When business media writes, “South Africa is in an economic crisis”, the people say, “we know”. When civil society cries, “South Africa is in a socio-economic crisis”, the people say, “we know”. When the government reports (in the NDP 20-year review), “South Africa is in a health, education and unemployment crisis”, the people say, “we know”.
We know, because we have been watching the crisis unfold in slow motion for a decade.
The problem is, making the diagnosis is easier than writing the prescription. More importantly, saying what must be done is easier than actually taking the medicine. Instead of responding to our crisis, our leaders are dithering, staring at their toes as they debate useless cigarette bans. They are in crisis mode without the capacity for crisis management.
What we need now
What we need now is a clear plan, directive leadership and economic pragmatism by the bucket load, and we need to be very honest with ourselves about what has gone wrong.
Let me put it as plainly as I can:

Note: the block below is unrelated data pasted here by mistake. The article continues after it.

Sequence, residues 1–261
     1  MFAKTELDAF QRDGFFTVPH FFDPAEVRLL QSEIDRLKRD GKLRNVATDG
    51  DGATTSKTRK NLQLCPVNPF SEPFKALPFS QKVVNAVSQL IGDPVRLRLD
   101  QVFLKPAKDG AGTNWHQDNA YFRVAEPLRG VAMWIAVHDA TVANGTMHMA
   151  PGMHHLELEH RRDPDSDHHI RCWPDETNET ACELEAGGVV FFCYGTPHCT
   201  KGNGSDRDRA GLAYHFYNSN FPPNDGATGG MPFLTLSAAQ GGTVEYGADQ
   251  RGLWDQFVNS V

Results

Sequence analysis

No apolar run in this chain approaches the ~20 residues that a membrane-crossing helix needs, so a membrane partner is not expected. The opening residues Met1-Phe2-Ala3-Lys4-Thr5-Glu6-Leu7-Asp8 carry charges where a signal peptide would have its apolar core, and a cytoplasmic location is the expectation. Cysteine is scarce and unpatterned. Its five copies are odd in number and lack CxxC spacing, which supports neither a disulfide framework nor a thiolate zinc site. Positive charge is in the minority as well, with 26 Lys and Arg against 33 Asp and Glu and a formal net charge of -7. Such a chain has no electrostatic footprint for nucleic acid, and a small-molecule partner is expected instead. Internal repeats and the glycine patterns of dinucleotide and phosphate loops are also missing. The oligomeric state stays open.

Millions of South Africans pinned their hopes on the political promise of the African National Congress (ANC), and for a while, South Africa worked. Under president Thabo Mbeki the economy at one point grew at above 5%. Tragically, this period saw jobless growth. Why? Because an economy that is shifting away from labour-absorptive primary and secondary industries, over to the tertiary services economy, which is increasingly digital, does not create jobs for poorly skilled masses.
When it became clear that the ANC’s Mbeki-era growth was jobless, organised labour and the ANC youth league decapitated the movement and installed Jacob Zuma – the pretender president who turned out to be a plundering kraal-builder and not much more. The state-owned enterprises became a feeding trough and the rest is history.
But there was a deeper problem: The economic shift described above was a symptom, not the cause.
When you over-regulate the economy, and reracialise the policy environment and use these policies as a front for crony-capitalism and as party-sponsored window-dressing of the business sector, you kill the golden goose. All the Mandela-era goodwill for SA inside and from outside the country was flushed down the pit toilet that is the ANC’s governance record.
The ANC’s approach to the economy was to try to transform the golden goose through BEE, while plucking it naked to feather their own nests. Some in business pretentiously went along with it, while knowing better.